Ask the Cardiologist: What are the symptoms of heart attack?

Dr. Maciej Malinski is on the medical staff at Sherman Hospital. He has been kind enough to answer some frequently asked questions related to maintaining a healthy heart in his Ask the Cardiologist series. To see all posts Dr. Malinski has written, just type “Ask the Cardiologist” into the search bar on the right.

Q: I just had a vibration in my chest, like a cell phone buzzing. Is this a sign of heart attack? What are the others?

A: Symptoms and signs of heart attack can vary. A classic heart attack symptom includes chest pain that could be radiating to the arm or jaw.

Usually, pain would be associated with shortness of breath, sweating and a feeling of distress. Although, roughly 40% of people do not have any noticeable symptoms or very non-specific symptoms.

Medical students are taught that women have atypical symptoms. This is a bit misleading. The truth is, a majority of women have typical symptoms; they just have atypical ones more frequently than men. In my practice, I see a broad spectrum of unusual symptoms ranging from nausea to “feeling out of space”. I think that atypical symptoms are the unusual response of the body to the stressful situation induced by heart attack (lack of oxygen in the heart muscle).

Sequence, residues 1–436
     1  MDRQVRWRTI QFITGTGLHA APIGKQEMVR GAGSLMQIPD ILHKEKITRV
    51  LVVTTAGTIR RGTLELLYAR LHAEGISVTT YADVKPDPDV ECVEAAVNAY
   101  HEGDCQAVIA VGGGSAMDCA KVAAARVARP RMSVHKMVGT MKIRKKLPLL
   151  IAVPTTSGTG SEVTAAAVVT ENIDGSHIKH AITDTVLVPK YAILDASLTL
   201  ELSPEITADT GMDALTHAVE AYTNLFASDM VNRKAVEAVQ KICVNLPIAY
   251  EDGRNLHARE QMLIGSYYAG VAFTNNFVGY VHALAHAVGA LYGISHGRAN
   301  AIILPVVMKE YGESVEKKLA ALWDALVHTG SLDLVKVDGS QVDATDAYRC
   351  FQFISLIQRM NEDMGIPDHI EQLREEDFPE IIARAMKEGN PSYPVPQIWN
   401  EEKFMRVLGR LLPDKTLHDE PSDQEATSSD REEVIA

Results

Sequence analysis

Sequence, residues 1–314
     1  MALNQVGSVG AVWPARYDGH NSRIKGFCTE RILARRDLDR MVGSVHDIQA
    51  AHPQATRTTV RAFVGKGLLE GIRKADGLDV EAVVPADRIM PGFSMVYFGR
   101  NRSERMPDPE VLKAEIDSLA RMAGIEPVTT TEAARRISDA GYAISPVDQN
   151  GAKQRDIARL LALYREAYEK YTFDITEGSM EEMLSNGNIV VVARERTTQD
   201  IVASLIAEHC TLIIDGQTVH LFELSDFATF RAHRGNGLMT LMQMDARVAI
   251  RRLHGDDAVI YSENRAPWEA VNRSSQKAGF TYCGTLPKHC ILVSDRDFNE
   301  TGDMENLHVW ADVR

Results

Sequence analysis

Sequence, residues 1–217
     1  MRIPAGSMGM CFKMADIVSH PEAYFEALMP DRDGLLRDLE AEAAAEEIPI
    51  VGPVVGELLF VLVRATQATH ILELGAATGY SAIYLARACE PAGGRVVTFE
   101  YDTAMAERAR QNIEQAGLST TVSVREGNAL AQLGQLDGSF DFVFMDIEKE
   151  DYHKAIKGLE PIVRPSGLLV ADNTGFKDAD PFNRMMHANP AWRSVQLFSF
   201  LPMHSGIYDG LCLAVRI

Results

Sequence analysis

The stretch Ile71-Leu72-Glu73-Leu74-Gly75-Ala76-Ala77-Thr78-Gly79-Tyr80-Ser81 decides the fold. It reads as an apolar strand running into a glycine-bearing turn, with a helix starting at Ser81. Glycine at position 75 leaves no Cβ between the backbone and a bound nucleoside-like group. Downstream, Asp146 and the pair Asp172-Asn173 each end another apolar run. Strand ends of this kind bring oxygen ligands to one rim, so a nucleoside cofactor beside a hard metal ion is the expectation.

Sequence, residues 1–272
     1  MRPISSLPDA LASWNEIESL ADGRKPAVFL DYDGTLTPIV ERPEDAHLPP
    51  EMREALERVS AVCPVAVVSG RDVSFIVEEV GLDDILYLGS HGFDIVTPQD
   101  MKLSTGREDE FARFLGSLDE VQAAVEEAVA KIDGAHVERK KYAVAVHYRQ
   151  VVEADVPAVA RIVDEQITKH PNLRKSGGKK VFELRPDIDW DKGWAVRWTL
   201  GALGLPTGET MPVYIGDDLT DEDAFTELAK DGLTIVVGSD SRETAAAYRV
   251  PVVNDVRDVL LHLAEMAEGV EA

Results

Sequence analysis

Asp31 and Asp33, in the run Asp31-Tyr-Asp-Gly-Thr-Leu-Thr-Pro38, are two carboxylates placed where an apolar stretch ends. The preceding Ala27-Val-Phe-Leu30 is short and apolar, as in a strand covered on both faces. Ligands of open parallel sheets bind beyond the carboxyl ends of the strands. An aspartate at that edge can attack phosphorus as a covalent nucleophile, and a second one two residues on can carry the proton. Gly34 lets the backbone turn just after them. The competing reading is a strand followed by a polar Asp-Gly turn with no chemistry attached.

Coming back to your question, usually if symptoms are lasting for a long time, like in your case, they become more typical. Eventually, it is fairly easy to diagnose heart attack with some addition medical testing by doing EKG (recording electrical activity of the heart), and checking levels of heart enzymes.

It’s important to always place the symptoms relative to what else is happening with the patient. Say you have a patient who has history of headaches and he or she comes in with abdominal pain and headache. Most likely, it’s an abdominal problem and not a heart attack. Also, patients’ overall risk of heart disease matters. If the patient is a female in her 30s without any medical problems, her symptoms are very likely not heart attack related, even if she presents with typical symptoms. On the other hand, if this is a 55 year-old female smoker with diabetes, the possibility of heart disease should be considered, even she has atypical symptoms.

Do you have a question for Dr. Malinski? To submit your question, post it in the comments section below, visit the Sherman Health Facebook page, or email with the subject line “Question for Dr. Malinski.”

This post is published by Sherman Health to provide general health information. It is not intended to provide personal medical advice, which should be obtained directly from your physician.

About Sherman Health

Sherman Health has provided medical care to Northern IL since 1888, and is currently home to a network of over 600 physicians. The Sherman blogs are edited by me, Luke. Questions? Comments? Links? Email address is luke at shermanhealth dot com.
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